Wednesday, March 24, 2010

Wordless Wednesday

Tuesday, March 16, 2010

In Search of the Snowy Owl

When You least Expect It
In Illinois this is where you look in winter for the Snowy Owl.
Rural small town cornfields that go for miles and miles.

Last winter there were two local Snowy Owl sightings.
One was just two miles from my home.
This year eyes were peeled, always searching the fields.
I found a cat, snow buntings and an eagle. No Snowy.

Then just as I had given up on seeing one this year ....
I heard about a sighting a few hours from my home in Fox Lake Wisconsin.
We found the sleepy Snowy relaxing in some brush
along a fence line near the road.
Thanks Karen for the wonderful directions.

It is hard to see the owl camouflaged in this setting at this angle.

Another angle of the Snowy. She is smirking at us.

A view of the fence line where she likes to hang out.
She was about 100 feet from the road.

She is a smiley owl.

Just beautiful.

We watched her for a while then decided to get some lunch and return. Word was, she perches at the top of a pine tree in an intersection near this fence line at around 3 p.m. each day.
We had lunch at a quaint diner in town and returned for the excitement.

It was just three o'clock when we returned and she was on the other side of the road along the same fence line only further away. Five or six hundred feet now. I thought maybe she knew about the time change tonight and would perch at 4 p.m. instead. We waited ... watched ... she watched .... waited ... no movement. Four o'clock turned into five o'clock.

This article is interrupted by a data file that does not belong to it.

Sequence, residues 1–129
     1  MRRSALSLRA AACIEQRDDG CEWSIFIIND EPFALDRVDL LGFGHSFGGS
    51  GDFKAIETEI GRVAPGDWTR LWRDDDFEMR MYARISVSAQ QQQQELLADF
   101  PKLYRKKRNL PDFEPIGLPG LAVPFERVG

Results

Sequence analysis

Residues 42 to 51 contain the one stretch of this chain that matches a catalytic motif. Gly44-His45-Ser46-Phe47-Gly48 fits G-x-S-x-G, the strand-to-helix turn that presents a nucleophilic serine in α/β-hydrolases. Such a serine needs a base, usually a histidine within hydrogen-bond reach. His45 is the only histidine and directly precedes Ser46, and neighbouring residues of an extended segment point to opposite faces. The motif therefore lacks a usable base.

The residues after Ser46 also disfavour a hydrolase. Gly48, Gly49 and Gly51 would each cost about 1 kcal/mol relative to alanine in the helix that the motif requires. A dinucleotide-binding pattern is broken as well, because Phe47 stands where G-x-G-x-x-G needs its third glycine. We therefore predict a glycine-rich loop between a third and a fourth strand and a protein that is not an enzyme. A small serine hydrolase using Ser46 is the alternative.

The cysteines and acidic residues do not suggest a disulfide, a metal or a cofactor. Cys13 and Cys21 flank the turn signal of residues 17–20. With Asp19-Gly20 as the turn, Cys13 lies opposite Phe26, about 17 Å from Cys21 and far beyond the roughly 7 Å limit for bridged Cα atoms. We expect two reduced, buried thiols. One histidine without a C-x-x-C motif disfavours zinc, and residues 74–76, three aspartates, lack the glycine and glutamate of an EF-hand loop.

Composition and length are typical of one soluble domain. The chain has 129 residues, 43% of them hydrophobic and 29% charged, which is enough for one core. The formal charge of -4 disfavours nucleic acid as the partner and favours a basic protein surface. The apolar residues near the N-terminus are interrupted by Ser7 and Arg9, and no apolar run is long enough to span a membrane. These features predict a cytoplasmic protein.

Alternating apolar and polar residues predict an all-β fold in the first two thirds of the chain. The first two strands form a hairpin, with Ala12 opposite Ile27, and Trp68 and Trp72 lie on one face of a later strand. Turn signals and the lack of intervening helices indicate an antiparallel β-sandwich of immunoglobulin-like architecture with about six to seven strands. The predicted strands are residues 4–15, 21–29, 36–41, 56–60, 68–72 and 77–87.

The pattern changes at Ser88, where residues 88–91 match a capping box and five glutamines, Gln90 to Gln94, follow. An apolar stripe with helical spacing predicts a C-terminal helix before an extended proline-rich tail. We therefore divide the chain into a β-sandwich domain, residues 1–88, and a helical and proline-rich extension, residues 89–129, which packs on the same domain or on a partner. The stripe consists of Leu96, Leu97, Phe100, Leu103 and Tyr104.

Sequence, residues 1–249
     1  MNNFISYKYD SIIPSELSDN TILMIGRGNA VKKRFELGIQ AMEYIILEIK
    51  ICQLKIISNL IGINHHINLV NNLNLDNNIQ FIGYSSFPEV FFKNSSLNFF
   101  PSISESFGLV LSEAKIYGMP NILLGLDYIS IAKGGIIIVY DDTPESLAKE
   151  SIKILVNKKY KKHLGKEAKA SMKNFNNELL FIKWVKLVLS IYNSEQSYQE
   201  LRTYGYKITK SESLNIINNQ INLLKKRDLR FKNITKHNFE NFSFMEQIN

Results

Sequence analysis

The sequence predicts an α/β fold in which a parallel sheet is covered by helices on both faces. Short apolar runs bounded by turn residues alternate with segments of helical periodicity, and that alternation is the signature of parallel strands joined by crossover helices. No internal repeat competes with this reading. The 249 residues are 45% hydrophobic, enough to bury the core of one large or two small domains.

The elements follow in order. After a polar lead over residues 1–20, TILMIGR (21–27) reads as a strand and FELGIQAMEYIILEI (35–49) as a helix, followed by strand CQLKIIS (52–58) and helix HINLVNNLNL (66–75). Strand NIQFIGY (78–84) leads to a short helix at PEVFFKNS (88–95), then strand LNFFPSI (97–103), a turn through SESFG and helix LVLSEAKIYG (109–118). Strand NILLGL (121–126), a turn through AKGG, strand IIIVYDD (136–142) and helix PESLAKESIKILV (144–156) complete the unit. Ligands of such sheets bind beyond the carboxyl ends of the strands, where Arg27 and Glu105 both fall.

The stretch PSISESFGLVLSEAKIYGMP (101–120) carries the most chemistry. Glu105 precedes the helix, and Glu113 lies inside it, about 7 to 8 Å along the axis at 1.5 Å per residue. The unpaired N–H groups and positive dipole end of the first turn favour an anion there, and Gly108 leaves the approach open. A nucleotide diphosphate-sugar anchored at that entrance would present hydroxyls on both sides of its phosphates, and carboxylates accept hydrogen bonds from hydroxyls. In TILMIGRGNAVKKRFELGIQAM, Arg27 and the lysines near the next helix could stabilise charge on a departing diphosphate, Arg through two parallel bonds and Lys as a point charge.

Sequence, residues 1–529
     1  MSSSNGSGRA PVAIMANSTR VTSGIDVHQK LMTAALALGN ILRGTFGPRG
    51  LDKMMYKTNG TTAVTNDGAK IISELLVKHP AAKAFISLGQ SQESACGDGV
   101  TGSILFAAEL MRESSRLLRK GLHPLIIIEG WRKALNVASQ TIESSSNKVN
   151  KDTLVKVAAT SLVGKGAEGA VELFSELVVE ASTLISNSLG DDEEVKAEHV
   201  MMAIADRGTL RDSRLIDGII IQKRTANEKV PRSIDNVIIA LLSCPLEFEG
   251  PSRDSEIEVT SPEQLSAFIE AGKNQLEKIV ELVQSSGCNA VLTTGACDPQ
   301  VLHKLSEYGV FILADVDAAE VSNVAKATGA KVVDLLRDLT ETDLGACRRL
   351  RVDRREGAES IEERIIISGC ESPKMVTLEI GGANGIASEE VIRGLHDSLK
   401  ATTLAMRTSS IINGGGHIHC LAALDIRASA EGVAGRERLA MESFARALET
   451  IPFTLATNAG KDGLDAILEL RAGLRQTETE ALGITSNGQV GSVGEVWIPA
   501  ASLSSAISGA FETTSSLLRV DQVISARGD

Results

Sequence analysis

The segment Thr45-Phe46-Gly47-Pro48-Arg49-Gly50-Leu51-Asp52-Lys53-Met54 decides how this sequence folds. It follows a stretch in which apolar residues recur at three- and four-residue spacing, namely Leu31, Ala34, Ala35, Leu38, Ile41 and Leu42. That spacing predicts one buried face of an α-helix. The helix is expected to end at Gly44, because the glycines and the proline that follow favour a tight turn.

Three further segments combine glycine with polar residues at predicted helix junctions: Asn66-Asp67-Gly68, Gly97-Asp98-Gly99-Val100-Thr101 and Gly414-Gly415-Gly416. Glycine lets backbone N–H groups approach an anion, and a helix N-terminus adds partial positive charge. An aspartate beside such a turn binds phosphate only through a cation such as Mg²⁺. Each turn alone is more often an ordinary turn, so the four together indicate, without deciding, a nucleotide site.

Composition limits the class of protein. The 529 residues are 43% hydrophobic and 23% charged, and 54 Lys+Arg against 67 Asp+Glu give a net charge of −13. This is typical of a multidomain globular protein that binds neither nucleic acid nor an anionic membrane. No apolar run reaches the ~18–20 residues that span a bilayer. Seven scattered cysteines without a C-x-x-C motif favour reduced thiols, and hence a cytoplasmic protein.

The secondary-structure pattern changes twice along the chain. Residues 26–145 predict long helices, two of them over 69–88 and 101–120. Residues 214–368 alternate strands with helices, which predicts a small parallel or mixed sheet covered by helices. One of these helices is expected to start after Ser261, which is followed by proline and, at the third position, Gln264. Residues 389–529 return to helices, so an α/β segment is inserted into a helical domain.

This is a picture of Saturday's sky. A gray, gray day.
The sky was one big gray nightmare for photographing a Snowy Owl.
You go when you can. You deal with the weather you get.
I turned my ISO up to 800, my exposure compensation to +2/3
with a cloudy white balance setting and hoped it was a good decision.

Just after five o'clock she flew across the field.

And landed on a snowbank just across the road from the perch location.

She sat watching cars pass for about 10 minutes then flew back in the field.

Where she stayed.
We did not see her perch today.
The light was fading and so did we.
As winter fades and spring begins ...
this was a pleasant end of the season sighting.